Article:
This is the Executive Summary, Conclusion, Findings and Recommendations only. For the entire report go to : Grand Jury 2014 -2015 Report
Zone 7 Water Agency (Zone 7) is a self-governing special district charged primarily to provide water and manage flood control systems. As a wholesaler of treated and untreated water, its retail customers include several Tri-Valley municipalities. In early 2013, the agency’s board of directors initiated a process to negotiate the price and terms of payment to acquire 4,784 acres of watershed land near Lake Del Valle Reservoir. The acquisition became the subject of a citizen’s complaint that alleged that the process lacked public openness, transparency, and exhibited Brown Act violations. The Grand Jury investigated the complainant’s allegations and found that the acquisition process violated Zone 7’s organizational core values of being open and transparent in its public business, in addition to Brown Act infractions.
Three of the eight core values that Zone 7 professes to guide its mission were ignored during the acquisition of the Patterson property. The Grand Jury believes that the board of directors seriously failed to uphold its organization’s core values. The core values that were ignored were:
Open and Transparent: Zone 7’s website states, “T he Board’s meetings and communications shall be open and public except when the Brown Act authorizes otherwise.” The Grand Jury concluded that the board of directors failed to maintain a process for purchasing property that was consistent with the Brown Act, and was open and transparent as required by Zone 7’s stated core values. Agency officials discussed items in closed session that should have been placed on the agenda and discussed in open session.
The Grand Jury believes the public is entitled to know:
- Why did the agency decide to fast track the acquisition process?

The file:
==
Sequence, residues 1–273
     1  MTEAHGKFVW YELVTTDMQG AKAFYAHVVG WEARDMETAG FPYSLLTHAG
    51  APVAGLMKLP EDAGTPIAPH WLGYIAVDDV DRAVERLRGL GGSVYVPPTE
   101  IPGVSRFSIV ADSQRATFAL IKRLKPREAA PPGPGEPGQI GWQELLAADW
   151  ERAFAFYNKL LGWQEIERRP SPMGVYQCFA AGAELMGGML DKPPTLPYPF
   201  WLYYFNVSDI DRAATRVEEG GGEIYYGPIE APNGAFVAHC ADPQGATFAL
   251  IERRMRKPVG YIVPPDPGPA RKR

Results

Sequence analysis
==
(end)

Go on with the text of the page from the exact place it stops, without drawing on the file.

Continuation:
- Why was the property not included in the Capital Improvement Program’s Strategic Priorities prior to the acquisition process and approval of purchase agreements?
- Who benefited from the purchase and why?
- Why did the purchase of the property take priority over other projects listed in the Capital Improvement Program?
- Why was there no public explanation prior to the purchase of the property of how the land acquisition fit into the larger scheme of the agency’s mission and vision?
- Why was there no public justification on whether the purchase price and terms of payment were a proactive use of agency reserves in relation to other strategic priorities?
- How was the property purchase justified as fiscally responsible, innovative, proactive, and environmentally sensitive?
Integrity: Zone 7’s website states, “We practice the highest ethical standards and maintain open, honest communications at all levels of the organization at all times.” The Grand Jury believes that the board of directors failed to maintain high standards of organizational integrity throughout the property acquisition process.
- Prior to approval of the 2013-14 annual budget, there was a lack of opportunity for public scrutiny or comment of how the allocation and budgeting of funds for purchasing the property was
- The board of directors failed to make a public case to support and justify the land purchase prior to initiating a process to acquire the property.
- The board of directors appeared to be rushing to insert a watershed management resolution into its Capital Improvement Program Strategic Planning Priorities after the purchase price and terms of payment were established and the property was